Book Review: Haunted Ontario 4 by Terry Boyle

23322788Title: Haunted Ontario 4

Author: Terry Boyle

Genre: Non-Fiction, True Haunting, Ghosts & Hauntings

Age Group: Adult

Rating: 3,5 stars

Purchase: Amazon

Review copy provided by the publisher in exchange for an honest review.

Terry Boyle returns with a new book of spine-tingling paranormal adventures. Part the dimensional veil and follow Terry into the world of spirits, beyond time and space. Meet the forever-beautiful spectre of Marilyn Monroe, who came to the French River seeking sanctuary from fame and fans, and decided to stay forever. Search Canoe Lake for the ghost of Tom Thomson. Visit the Ottawa Carleton County Gaol, where hundreds of lost souls wander the corridors and still occupy their cells. Enter the secret underground tunnels beneath Scarborough’s Guild Inn, and relive the heart-stopping moment the elevator door seals shut! Journey to the remarkable Victorian Beild House Inn in Collingwood, sleep in the bed of King Edward VIII of England, and wait for the deceased doctor to make a room call. Whether you believe in ghosts or not, get ready for a chilling experience — and keep the lights on!

I previously read and reviewed Haunted Ontario 3, which focused on Black Creek Pioneer Village, and I enjoyed it, so looked forward to reading Haunted Ontario 4. I’m not that familiar with Ontario – I’m here for the ghost stories – but if I were to visit it, then these books would prove excellent guides for which spots I’d need to visit. The fourth book has a wider area of interest, focusing on places in Toronto, Burlington, Straftford, Gravenhurt, French River, and even a random chapter on Time Travellers. For that, I found it more interesting than the previous book, which focused on one area only.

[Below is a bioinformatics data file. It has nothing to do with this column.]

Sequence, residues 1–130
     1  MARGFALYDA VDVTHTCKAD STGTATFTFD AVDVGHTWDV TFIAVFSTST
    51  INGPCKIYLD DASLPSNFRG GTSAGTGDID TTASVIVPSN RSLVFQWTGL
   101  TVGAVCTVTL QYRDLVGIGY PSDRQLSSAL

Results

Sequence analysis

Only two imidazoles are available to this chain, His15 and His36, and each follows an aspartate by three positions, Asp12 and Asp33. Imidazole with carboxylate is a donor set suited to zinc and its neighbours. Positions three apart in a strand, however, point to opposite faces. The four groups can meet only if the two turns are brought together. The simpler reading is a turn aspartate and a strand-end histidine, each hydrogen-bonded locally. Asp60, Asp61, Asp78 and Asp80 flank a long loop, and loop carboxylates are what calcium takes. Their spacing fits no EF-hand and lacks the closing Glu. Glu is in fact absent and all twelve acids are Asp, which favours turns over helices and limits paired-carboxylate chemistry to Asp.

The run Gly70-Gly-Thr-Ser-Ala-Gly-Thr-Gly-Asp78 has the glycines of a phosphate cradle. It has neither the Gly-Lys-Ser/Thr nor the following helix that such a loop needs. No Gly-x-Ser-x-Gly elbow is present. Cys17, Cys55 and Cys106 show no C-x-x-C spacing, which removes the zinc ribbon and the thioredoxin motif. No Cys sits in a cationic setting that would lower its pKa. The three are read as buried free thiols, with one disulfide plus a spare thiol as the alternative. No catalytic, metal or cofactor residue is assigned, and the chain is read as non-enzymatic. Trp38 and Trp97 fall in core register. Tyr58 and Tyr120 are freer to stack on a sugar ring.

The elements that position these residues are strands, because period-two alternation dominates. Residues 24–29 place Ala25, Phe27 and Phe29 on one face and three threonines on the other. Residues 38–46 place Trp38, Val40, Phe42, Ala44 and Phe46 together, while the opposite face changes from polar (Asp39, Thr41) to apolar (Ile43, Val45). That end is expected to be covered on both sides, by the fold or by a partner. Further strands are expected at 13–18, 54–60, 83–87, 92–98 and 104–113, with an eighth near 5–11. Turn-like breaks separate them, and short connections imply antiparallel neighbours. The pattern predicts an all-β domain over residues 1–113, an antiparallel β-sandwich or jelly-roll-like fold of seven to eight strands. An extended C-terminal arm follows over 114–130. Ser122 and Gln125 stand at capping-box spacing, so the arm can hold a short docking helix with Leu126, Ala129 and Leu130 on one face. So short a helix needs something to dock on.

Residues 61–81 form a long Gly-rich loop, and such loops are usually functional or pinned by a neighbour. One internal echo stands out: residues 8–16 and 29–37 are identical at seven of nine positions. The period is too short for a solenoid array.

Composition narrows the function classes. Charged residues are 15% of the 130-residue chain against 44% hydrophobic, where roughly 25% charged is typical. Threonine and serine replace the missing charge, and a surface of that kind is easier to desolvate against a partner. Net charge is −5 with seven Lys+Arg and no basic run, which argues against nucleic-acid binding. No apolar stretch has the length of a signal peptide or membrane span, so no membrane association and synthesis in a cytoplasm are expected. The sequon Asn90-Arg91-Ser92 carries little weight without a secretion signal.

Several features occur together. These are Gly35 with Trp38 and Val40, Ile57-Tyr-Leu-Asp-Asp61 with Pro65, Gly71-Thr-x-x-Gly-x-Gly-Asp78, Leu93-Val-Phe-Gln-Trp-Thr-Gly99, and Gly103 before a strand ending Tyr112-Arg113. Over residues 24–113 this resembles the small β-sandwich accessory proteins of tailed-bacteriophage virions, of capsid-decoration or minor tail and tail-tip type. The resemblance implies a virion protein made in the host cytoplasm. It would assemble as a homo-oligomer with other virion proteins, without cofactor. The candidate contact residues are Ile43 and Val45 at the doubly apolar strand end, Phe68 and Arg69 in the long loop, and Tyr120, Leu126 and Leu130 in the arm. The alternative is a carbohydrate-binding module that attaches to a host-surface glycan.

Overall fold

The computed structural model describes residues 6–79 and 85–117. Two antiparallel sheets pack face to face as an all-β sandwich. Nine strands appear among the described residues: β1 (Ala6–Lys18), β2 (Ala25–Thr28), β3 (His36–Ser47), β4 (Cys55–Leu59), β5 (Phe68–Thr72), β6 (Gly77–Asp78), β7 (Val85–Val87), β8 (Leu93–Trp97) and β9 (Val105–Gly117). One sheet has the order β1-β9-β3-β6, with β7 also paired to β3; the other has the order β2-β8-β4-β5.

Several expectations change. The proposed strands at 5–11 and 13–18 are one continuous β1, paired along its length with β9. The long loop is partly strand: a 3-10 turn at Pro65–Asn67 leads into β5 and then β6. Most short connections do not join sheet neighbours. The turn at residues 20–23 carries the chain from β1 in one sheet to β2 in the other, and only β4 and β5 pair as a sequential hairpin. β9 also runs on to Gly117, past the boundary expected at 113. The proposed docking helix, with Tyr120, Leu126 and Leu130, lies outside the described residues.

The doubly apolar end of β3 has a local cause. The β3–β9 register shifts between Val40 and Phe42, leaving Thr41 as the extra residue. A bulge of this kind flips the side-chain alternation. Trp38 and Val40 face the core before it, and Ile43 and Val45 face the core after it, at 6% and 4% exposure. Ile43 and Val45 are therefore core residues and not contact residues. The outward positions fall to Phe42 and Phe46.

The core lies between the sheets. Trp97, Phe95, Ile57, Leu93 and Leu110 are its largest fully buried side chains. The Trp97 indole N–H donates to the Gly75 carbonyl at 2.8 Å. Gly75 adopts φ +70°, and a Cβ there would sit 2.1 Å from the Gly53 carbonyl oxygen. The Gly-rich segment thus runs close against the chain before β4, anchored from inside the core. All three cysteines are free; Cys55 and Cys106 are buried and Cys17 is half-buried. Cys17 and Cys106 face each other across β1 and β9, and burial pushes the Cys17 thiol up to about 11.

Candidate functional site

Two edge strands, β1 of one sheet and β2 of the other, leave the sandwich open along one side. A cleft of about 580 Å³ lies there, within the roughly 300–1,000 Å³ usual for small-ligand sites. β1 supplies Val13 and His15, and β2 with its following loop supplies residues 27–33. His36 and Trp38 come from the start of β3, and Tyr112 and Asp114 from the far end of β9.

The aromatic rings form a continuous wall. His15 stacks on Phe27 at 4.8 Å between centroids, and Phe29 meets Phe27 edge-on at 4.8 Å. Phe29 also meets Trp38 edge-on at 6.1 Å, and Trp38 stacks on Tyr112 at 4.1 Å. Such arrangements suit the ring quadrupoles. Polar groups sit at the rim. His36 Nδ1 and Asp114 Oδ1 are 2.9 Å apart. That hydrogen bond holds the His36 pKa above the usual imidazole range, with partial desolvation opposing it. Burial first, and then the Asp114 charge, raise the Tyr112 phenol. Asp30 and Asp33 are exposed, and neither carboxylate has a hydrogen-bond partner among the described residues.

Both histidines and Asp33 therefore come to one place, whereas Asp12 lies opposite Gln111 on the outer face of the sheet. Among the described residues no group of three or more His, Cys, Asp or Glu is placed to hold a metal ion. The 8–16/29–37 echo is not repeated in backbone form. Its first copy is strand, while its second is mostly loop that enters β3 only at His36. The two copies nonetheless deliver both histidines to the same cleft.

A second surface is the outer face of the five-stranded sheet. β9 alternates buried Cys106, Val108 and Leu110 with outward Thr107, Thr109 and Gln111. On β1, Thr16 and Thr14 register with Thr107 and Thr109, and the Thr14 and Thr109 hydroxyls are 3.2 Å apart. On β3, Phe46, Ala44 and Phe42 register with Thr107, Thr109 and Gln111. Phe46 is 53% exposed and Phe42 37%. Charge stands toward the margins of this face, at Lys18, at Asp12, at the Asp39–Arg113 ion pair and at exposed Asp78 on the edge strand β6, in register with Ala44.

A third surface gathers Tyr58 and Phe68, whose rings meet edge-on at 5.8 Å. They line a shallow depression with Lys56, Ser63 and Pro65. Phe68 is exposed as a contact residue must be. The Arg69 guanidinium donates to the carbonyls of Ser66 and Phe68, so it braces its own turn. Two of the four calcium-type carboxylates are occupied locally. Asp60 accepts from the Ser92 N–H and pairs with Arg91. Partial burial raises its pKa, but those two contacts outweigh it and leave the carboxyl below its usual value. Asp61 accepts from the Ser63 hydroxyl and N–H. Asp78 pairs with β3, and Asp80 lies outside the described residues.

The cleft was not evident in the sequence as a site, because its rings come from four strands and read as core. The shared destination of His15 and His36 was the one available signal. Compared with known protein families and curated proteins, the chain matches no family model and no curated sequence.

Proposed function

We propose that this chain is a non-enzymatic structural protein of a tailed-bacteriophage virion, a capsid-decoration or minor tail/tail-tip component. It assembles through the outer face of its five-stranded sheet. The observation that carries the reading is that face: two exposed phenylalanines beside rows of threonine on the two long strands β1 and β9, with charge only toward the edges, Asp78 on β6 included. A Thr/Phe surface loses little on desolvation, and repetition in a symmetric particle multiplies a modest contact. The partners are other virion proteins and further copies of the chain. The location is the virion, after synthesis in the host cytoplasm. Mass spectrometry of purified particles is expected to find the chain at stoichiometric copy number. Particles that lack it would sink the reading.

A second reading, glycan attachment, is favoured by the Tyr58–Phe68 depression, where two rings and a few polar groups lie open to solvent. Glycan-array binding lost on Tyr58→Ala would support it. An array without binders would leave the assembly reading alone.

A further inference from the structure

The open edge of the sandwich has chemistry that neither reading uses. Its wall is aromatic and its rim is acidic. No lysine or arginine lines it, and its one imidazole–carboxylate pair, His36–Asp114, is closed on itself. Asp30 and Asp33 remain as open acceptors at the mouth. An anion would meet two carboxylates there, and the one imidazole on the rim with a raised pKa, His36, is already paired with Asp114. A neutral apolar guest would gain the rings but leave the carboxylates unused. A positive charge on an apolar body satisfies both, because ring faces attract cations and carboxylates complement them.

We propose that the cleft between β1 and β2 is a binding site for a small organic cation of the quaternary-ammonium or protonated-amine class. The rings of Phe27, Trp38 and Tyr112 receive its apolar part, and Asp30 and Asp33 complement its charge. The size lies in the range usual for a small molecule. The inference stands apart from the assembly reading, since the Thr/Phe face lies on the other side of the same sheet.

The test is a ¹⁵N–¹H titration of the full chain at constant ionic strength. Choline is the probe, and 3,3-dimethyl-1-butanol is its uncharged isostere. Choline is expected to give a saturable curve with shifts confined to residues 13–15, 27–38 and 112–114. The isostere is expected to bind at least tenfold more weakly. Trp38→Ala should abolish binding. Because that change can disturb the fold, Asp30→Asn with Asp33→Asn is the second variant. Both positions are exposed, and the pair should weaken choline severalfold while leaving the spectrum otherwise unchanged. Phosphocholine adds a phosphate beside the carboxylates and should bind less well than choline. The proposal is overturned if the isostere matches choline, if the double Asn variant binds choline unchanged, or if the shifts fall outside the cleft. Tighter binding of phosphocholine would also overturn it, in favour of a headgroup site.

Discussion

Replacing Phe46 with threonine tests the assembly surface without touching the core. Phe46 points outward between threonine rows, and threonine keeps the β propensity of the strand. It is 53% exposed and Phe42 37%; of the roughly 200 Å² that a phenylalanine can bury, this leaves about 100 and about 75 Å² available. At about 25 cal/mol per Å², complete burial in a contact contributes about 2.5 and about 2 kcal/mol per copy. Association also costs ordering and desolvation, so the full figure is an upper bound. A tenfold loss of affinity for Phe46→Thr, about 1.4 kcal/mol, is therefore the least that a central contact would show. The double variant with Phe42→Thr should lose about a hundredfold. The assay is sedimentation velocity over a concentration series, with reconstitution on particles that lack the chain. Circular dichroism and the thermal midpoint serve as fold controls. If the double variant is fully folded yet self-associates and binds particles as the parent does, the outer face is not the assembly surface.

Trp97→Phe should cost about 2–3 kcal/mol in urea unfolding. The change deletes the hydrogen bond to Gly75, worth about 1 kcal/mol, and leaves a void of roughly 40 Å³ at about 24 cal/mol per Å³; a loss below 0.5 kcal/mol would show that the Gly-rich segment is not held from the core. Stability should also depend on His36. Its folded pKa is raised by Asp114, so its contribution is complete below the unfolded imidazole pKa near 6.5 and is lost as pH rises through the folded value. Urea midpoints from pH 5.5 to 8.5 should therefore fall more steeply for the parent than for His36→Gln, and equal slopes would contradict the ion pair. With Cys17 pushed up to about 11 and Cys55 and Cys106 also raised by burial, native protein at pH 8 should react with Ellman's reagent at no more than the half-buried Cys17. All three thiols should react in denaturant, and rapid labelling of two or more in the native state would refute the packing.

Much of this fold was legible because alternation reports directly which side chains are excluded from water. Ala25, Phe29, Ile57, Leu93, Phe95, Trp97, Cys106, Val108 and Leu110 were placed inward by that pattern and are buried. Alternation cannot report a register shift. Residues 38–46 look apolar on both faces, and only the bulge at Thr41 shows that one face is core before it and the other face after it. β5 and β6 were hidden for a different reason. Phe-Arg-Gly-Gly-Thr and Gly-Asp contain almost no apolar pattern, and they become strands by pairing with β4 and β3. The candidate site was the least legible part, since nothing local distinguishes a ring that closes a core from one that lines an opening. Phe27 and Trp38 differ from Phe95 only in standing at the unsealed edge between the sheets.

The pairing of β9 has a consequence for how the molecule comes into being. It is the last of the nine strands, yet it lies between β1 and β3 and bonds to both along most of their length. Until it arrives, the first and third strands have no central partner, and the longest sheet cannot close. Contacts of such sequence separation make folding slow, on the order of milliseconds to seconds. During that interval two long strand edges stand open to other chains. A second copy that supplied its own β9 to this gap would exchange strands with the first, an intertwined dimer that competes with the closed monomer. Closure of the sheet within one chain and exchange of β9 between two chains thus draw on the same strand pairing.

The author went to visit all of the places he describes, which is an excellent bonus. He didn’t always induct investigations, but did so most of the time, and if not, he at least took the time to interrogate staff members, home owners, visitors and the likes. The writing is a bit on the dull side though, and I sometimes had to take breaks while reading to keep myself interested. I expect that if I’d seen the places myself, I might be more intrigued and eager to read on, but since I haven’t and had to rely on the storytelling ability of the author, some of the history was a little lengthy (I like history, but keep it interesting, not a dry run down of events) and the writing was a bit wonky here and there.

All in all, a good read for fans of true haunting stories, and a definite must if you live in Ontario or plan to visit, so you know which museums, B&Bs and hotels to visit.


  1. I have always had a love for ghost stories from a young age! Especially the old urban legends that have been passed down for generations, and that seems like what this book is about. All of the old legends told by children at campfires throughout the years! Great review Majanka!

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